This stretch of coastline was exactly how I’d imagined it to be. A kind of sepia image of the past, everything tinted with fatigue and abandonment. The green of the grass and roadside plants was not as vibrant as further south, the fences were solid red with rust and people looked windswept and hardy.
That’s not to say it wasn’t pretty. But with the sky a low hanging grey and the sea like an old piece of tin foil smoothed out to the horizon the feeling of cycling back in time only grew with every pedal north.
I stopped for lunch at the only shop in Shosanbetsu and had to shout extremely loudly four times before the owner appeared from the back room wiping sleep from his eyes. But as sleepy as Mr. Abe (no, not the Prime Minister) was he was not unaccustomed to travelers.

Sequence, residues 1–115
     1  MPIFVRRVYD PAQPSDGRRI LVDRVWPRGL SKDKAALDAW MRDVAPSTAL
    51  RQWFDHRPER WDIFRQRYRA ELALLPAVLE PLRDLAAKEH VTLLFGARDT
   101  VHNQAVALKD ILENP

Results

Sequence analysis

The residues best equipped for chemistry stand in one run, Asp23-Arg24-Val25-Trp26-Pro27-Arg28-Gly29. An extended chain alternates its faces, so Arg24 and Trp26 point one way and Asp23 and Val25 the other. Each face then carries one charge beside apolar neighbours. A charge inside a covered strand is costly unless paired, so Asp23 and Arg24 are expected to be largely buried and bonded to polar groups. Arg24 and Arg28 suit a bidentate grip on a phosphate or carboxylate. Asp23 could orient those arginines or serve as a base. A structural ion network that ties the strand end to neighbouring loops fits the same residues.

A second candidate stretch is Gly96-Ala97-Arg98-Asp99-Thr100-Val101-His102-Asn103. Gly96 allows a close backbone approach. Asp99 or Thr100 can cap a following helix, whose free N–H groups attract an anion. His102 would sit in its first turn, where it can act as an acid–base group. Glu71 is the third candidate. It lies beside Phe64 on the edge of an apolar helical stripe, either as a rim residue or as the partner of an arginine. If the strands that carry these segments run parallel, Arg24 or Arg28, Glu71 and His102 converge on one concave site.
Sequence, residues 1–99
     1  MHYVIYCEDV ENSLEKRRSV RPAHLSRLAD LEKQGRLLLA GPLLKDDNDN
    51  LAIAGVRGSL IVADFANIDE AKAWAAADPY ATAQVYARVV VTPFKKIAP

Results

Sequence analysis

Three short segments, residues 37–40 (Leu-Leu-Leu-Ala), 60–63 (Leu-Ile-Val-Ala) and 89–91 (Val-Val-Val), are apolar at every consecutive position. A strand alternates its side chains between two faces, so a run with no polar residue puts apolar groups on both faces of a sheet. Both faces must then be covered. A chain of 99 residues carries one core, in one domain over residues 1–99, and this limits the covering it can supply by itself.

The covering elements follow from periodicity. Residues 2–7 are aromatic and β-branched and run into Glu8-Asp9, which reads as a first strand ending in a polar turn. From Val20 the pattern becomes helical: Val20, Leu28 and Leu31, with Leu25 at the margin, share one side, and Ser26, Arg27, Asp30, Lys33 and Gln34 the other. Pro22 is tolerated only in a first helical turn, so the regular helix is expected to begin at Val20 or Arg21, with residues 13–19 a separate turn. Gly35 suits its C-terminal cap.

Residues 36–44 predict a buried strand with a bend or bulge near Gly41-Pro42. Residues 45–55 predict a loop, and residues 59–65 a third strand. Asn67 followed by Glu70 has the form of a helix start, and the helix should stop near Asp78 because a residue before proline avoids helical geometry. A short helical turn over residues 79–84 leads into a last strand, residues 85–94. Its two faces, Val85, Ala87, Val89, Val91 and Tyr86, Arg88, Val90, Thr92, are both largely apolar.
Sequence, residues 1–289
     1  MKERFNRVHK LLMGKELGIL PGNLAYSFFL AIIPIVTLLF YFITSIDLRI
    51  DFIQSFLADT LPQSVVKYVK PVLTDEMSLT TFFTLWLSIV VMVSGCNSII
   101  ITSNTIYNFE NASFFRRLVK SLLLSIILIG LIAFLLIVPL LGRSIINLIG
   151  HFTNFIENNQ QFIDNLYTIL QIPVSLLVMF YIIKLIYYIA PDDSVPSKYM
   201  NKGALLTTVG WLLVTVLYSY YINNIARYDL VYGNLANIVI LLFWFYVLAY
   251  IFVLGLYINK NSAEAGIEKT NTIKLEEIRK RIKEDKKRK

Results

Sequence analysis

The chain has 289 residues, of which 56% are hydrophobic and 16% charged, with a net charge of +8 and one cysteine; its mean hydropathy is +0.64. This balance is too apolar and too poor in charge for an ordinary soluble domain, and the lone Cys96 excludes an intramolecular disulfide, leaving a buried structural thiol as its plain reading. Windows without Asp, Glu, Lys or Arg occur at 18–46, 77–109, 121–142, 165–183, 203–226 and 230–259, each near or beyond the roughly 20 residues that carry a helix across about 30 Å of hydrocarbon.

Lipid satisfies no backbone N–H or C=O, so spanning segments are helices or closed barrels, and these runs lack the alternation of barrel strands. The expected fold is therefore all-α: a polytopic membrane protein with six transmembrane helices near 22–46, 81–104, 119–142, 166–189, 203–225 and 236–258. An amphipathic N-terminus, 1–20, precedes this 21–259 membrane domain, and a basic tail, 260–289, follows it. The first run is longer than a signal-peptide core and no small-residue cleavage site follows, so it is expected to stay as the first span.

The road from Rumoi to Wakkanai that follows the coast is virtually the only road any long distance traveler would take. He proudly showed me his scrapbook with notes and photos of those who’d stopped by his restaurant (this was probably most people as there wasn’t really anywhere else to eat). His first foreign guest had been a Californian Surferdude who was walking around Japan back in 2004. In 2011 he’d fed and hosted 3 Americans who had cycled a similar route to me (I’d looked at their blog during my preparations). I added my note and we took turns to pose for photos and then I left him to resume his nap.
Tonight’s accommodation is a portacabin with the words SUPER HOUSE written modestly on the side. At only ¥200 it is cheaper than pitching my tent – I’m not an idiot.